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Academic Standards


Academic Standing: The purpose of this policy is to detect early challenges that students might be facing in regards to their grades and progress towards graduation. By identifying students who are struggling, early interventions can be identified and advice can be given that can help the student be successful.

Progress towards Graduation:

To ensure that students make the most of their time at BYU-Hawaii, internal deadlines are established to ensure that appropriate progress towards graduation is being made. Again, students who fail to make progress because of repeated failures will still need to finish within the given allotment of semesters, but they may need to graduate with a different major or with an Associate’s degree. All students should have a Major Academic Plan (MAP) by the time they reach 30 hours of credit. By the time they reach 60 hours, if a student is not able to graduate within the remaining semesters in their current major, they will need to choose another major.

Grade Probation (1 Semester):

A student will be placed on grade probation if they fall into any of the following categories:

  1. Student has attempted at least 24 credits and the Cumulative GPA is below 2.0
  2. Student semester/term GPA is below 1.5 regardless of Cumulative GPA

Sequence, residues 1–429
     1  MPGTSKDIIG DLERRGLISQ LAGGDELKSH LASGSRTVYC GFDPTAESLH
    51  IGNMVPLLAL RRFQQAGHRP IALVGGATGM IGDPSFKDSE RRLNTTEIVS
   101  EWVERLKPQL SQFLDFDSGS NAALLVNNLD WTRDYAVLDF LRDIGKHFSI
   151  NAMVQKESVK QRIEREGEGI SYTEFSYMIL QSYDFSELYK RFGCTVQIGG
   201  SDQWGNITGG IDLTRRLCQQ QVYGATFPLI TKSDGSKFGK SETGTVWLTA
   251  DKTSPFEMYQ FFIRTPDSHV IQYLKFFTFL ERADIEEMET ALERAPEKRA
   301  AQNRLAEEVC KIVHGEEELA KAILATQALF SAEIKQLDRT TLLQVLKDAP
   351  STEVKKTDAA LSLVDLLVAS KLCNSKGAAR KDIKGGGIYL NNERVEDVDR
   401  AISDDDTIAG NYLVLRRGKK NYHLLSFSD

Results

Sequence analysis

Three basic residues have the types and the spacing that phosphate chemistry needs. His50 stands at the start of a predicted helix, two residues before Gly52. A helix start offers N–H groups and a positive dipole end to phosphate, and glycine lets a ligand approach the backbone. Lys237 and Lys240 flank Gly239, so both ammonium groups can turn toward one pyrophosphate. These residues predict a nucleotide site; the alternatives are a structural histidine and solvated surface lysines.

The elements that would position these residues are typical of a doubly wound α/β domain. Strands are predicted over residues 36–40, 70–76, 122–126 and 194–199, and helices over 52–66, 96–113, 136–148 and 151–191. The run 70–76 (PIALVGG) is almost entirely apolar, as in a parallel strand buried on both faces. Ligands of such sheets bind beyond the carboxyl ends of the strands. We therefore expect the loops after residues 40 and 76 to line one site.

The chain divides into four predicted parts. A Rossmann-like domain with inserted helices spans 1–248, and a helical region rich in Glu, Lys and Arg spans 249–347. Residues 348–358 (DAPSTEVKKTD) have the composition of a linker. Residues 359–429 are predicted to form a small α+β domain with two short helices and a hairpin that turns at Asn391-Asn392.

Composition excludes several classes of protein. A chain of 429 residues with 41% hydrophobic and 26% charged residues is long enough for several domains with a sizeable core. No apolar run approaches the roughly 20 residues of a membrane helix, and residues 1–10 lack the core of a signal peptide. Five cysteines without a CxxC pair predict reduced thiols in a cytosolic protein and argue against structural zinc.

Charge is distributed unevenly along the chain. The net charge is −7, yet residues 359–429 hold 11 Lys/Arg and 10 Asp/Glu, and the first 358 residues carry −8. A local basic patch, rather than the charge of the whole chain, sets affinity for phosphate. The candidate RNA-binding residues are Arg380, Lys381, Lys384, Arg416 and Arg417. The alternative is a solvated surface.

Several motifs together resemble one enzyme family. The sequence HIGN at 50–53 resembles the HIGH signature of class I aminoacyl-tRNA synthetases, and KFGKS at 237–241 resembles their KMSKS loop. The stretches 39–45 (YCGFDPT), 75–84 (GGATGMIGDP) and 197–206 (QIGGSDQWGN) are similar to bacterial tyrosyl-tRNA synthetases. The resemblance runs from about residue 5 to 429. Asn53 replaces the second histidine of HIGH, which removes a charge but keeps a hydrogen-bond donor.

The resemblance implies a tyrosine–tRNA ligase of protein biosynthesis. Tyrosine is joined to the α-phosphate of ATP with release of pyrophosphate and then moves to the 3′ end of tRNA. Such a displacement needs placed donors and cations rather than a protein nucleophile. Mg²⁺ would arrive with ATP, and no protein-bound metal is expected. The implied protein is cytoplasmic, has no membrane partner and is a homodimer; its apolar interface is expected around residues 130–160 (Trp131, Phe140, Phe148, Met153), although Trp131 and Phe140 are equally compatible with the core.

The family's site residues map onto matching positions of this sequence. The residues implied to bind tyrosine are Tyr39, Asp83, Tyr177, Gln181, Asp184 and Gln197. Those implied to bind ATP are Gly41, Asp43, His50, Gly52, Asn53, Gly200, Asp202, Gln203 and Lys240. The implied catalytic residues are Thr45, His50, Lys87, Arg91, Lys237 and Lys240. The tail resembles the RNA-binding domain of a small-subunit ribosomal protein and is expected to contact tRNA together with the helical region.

Note: Students with semester/term GPA's below 2.0 and others as deemed necessary will be contacted and measures will be enacted to help students recognize their challenging circumstances and to help avoid actions that would lead to probation or expulsion.

Students on Grade Probation are subject to the following consequences and corrective processes:

  1. Students are invited to the Academic Success workshop and to meet with the Academic Success Office to formulate a plan.  If they do this no hold is place.
  2. Students who fail to set a plan by the deadline will then have a registration hold placed.

The intent of this policy is to ensure that the student has improved their academic performance and has some progress related to raising the Cumulative GPA above 2.0. The intent during this time is that a student would continue to keep their grades up, while working with advisors for academic help with class selection (which would include repairing low grades by retaking classes), and continuing with counseling to support the desired academic outcome. Continued participation in the counseling process as required is a condition of this status.

Failure to progress to good academic standing will result in grade suspension the following semester.